After The Cremation (Area Green Green Grass version) (4:23)
Pankow (SW Electrofunk mix) (5:36)
Steamed Up Window (Skookum Reminiscence) (4:06)
Review: Mystery production unit UD returns to Kimochi, one of the more overlooked imprints of the last few years, with four new cuts and a rather fine selection of remixers to boot! The mood is pensive and the sounds are atmospheric throughout, where tracks like "Lollipop Robot" or "Adapter" stand somewhere between ambient and electro-acoustic. The remixes give the tracks slightly more dancefloor weight, and both Area Green Grass and label regular Skookum contribute with a set of pretty killer reinterpretations a-la outsider house, but the silent killer is most certainly SW's remix of "Pankow". The SUED records co-owner fixes up a wonderfully bizarre concoction of sounds and shapes, moulding them into a dubby, sparse and cinematic twister. Another fine slice of Kimochi, beautiful artwork and all.
Review: After equally wonderful turns from Junto Club, Deeds and Curses!, emergent deviant disco denizens Snap Crackle & Pop invite a band called Uncanny Valley to offer up their unique brand of deathly wave music shot through with on-point beyond the grave vocals. "Chain Store" is a nightmarish march through wobbly synths while "Nowhere To Nowhere" plots a strident course with its bouncing beat and fulsome, undulating bass. "Popcorn" flips the script with its uptempo thrust, but the vintage synth-pop threads are still the dominant force in the music. Manfredas drops a remix of "Chain Store" that maintains the freakiness with a slow but heavy house lurch, and then Mondowski strips the meat from "Nowhere To Nowhere" and leaves a potent, skeletal club treatment behind.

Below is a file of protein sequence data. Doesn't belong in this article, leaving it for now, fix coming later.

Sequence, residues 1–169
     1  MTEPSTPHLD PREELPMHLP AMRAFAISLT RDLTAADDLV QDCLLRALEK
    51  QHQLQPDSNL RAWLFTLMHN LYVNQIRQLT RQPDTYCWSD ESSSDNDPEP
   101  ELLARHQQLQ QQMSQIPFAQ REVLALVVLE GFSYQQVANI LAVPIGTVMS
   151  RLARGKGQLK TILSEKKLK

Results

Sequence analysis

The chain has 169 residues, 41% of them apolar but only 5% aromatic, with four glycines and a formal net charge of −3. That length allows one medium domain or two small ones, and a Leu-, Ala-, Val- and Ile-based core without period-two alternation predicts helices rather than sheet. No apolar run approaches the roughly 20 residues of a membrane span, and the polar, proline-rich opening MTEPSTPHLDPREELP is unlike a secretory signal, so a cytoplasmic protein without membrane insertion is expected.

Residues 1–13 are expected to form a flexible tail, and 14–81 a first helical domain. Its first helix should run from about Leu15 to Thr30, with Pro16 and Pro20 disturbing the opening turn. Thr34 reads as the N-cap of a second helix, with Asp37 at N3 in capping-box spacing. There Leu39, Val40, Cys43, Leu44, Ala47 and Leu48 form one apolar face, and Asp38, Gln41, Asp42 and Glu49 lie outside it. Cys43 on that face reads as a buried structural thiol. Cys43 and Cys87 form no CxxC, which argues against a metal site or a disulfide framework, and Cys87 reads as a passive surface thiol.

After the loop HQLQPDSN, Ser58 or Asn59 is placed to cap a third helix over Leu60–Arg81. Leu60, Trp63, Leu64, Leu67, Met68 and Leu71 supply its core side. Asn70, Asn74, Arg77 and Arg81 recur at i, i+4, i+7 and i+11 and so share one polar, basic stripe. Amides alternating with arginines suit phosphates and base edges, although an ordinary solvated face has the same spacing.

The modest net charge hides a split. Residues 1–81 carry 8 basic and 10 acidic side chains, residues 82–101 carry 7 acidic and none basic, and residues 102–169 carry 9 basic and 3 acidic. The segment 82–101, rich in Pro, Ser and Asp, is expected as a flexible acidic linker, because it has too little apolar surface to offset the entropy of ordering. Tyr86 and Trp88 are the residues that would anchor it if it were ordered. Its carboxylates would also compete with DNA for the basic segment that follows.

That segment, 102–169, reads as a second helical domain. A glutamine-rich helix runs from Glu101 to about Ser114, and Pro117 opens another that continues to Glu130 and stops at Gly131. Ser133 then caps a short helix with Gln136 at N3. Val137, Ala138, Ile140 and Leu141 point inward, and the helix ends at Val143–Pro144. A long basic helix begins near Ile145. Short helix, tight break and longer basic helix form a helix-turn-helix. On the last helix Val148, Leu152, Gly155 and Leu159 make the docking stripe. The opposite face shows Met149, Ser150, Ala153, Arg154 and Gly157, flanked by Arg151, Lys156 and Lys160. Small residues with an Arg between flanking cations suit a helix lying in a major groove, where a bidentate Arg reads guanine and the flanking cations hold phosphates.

Review: Although technically James Lavelle and company's sixth studio album under the UNKLE alias, "The Road: Part II (Lost Highway)" is more of an odds-and-ends compilation than a straight-up studio set. According to the former Mo Wax chief, it was designed to sound like a free-flowing mixtape and makes use of tracks recorded during "The Road" sessions that never made it onto the main album. He also described it as a "road trip soundtrack", and it does feel a little like that, as Lavelle and collaborators flit between beats, soundscapes and different styles over the course of three action packed slabs of wax accompanied by an expansive booklet full of never-before-seen artwork.